Next year's citywide asphalt paving program will include 16 Marietta streets or portions of streets in all four wards, including a long-awaited major upgrade to Warner and Porter streets in the Norwood area.
"The total project cost is $544,256, and we're going to apply for an Ohio Public Works Commission grant for $400,000," Wayne Rinehart, project manager with the city engineering department, told city council's streets and transportation committee Wednesday.
He said the rest of the funding would be covered by $65,000 from the city's annual Community Development Block Grant entitlement; $53,856 from the city's $5 permissive tax fund; $20,000 from the municipal streets fund; and $5,400 from Marietta College.
The college money is to assist with relocation of a crosswalk near the residence halls on Butler Street.
"Unfortunately the OPWC grant application doesn't include arterial street, which would have gained us more points scored on our application," Rinehart said.
During a previous meeting he explained that the arterial streets were in good shape and would not require paving during the 2013 program.
Nine of the streets slated for paving in 2013 haven't seen new asphalt since before 1987.
Two of those, Warner and Porter streets, were scheduled to be paved a few years ago, but neighborhood residents requested that paving not be done until drainage issues could be addressed there due to the level of the roadway being higher than many adjacent properties.
That problem will be addressed during the 2013 program at a cost of more than $100,000, according to Rinehart.
Other streets to be paved next year include all or portions of Woodland Street, Ephraim Cutler, Clifton Street, Gross Street, Betsey Mitchell Lane, Butler Street, Fourth Street, St. Marys Avenue, Cullen Road, Hickory Lane, Marigold Lane, Elm Street, Clinton Street and Harmar Street.
During Wednesday's meeting Councilman Mike McCauley, D-2nd Ward, asked why permits were required for the paving project.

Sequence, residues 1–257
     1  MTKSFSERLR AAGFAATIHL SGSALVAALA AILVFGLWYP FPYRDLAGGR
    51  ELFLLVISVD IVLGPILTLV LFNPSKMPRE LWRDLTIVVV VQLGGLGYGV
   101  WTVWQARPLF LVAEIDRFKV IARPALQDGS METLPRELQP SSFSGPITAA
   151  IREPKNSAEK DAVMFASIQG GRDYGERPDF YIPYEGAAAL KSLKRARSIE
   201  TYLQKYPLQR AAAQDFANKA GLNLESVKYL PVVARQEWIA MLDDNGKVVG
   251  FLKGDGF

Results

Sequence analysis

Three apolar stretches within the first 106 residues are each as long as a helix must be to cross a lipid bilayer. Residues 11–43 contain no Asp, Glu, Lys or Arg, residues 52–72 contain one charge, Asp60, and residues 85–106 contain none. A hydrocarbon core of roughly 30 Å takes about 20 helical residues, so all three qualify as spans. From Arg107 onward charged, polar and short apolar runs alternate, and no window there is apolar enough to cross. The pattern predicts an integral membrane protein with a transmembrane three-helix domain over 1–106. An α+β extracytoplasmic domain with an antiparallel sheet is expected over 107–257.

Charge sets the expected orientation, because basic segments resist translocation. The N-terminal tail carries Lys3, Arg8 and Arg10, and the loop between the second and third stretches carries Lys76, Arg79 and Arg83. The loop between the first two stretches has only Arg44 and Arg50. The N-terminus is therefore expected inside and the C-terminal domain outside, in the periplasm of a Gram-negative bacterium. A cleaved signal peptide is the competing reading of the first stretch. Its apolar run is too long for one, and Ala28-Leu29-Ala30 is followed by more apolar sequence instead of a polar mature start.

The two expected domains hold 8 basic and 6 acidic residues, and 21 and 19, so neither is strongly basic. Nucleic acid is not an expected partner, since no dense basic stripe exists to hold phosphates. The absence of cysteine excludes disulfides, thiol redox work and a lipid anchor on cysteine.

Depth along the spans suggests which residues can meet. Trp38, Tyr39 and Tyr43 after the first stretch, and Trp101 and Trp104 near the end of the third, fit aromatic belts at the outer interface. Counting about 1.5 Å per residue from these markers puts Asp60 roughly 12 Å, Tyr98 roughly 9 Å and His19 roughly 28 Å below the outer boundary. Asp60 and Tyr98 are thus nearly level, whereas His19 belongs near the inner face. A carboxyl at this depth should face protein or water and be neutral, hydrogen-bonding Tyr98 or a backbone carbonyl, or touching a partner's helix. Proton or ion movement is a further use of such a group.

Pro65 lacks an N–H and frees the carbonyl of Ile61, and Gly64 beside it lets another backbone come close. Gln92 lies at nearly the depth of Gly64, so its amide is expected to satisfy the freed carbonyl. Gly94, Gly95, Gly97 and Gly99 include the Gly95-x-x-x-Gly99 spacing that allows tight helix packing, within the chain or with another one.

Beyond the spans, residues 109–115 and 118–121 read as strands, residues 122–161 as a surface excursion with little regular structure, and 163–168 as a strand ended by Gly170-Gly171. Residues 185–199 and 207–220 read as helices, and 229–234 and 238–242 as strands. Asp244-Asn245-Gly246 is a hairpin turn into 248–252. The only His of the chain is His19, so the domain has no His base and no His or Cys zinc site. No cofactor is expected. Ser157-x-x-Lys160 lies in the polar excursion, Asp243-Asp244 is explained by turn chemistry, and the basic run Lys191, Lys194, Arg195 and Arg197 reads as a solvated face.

Rinehart said a $100 permit is required from the county to work on streets that are located within the floodplain.
"It seems ridiculous for us to be paying for a permit to pave our own streets, just because they're in a floodplain," McCauley said.
But Rinehart said such permits are required by federal law.
The cost of the 2013 paving program also includes $86,500 for installation of Americans with Disabilities Act-compliant curb ramps.
Legislation approving the grant application to OPWC, due Monday, is expected to be adopted by city council during a special meeting today at Lookout Park.
In other business Wednesday, city streets department superintendent Todd Stockel said the department would be purchasing a new backhoe to replace an old 2002 machine that has logged more than 6,300 hours of operation and is having brake and bucket arm problems.
The new backhoe will cost $92,000, but Stockel said a $23,000 trade-in will bring that price down to $69,000.
The new machine will be purchased from Southeastern Equipment in Marietta.
Also on Wednesday, city engineer Joe Tucker said the third phase of the city's River Trail project will be sold by Nov. 8, but construction would likely begin in the spring of 2013.
"This will be an approximate one-mile addition to the River Trail," he said. "The estimated construction cost of the third phase will be a little over $800,000."
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